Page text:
Smoking Ban Bill Update

3 06 2008

HB 5074 has been transmitted to the Senate and today, it was referred to the Committee on Government Operations and Reform which is the same committee HB 4163 was referred to when it was sent to the Senate. 

Senate Majority Leader Mike Bishop discharged HB 4163 from committee for a vote on the floor.  At that time, the Senate ammended the bill to get rid of all exemptions.  At the time, Senator Bishop said he did not favor a smoking ban, but let the bill be called because that’s what the people wanted.  After passing the Senate, the House sat on the bill for a few days before calling a different bill, HB 5074 and using it as a vehicle bill.  They amended HB 5074 which was bill written to ban smoking in college dorms.  They struck all of that language and inserted the original language of HB 4163.  HB 5074 passed and was sent to the Senate.

How futile is this?  It took the Senate FIVE months to call HB 4163 then they changed it.  There’s only four weeks left in this session.  Does the House really think Sen. Bishop will allow another vote on the same bill they’ve already amended?  Currently, HB 4163 sits in the house.  They can still call this bill before the session ends and pass it without the exemptions.  HB 5074 sits in committee and will probably die there.  The Committee on Government Operations and Reform hasn’t met since November, so there won’t even be a committee vote on the issue.

The Detroit News ran a story this morning ont the debate.  There was one part in particular I had a problem with.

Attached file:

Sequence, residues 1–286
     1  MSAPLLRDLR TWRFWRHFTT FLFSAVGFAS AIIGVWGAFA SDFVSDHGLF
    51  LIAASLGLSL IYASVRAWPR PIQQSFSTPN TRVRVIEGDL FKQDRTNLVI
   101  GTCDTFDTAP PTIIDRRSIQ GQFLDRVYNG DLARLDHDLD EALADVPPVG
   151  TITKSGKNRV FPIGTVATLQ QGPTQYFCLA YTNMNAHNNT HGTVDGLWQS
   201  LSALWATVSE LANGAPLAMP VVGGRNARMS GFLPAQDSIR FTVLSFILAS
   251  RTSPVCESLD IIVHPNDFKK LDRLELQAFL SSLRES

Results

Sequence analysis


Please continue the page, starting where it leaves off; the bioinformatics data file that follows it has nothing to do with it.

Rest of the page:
After Ohio voters approved a ban in 2006, bars in Toledo were hammered and many patrons flocked to bars just across the state line such as M.T. Loonies in southern Monroe County. Sales rose 20 percent to 30 percent and the crush of smokers prompted general manager Craig Herbster, 26, to hire six more workers.

 What about Cleveland?  What about Cincinatti?  What about Columbus?  The paper chose to pick one metro area close to a state that doesn’t ban smoking.  I’m not denying that people are doing that, but let’s look at Michigan’s case.  Obviously, people are not going to flock to Ohio to smoke because they can’t.  They can’t run to Canada.  There will be a small stretch near the Indiana border and a small stretch of the UP along the Wisconsin border that will have to deal with this for a little while. Michigan is in a unique situation that the borders of non-smoking states are relatively small.  There might be a tiny percentage of business leaving Michigan so they can smoke in a bar, but a percentage so small no one will even notice.

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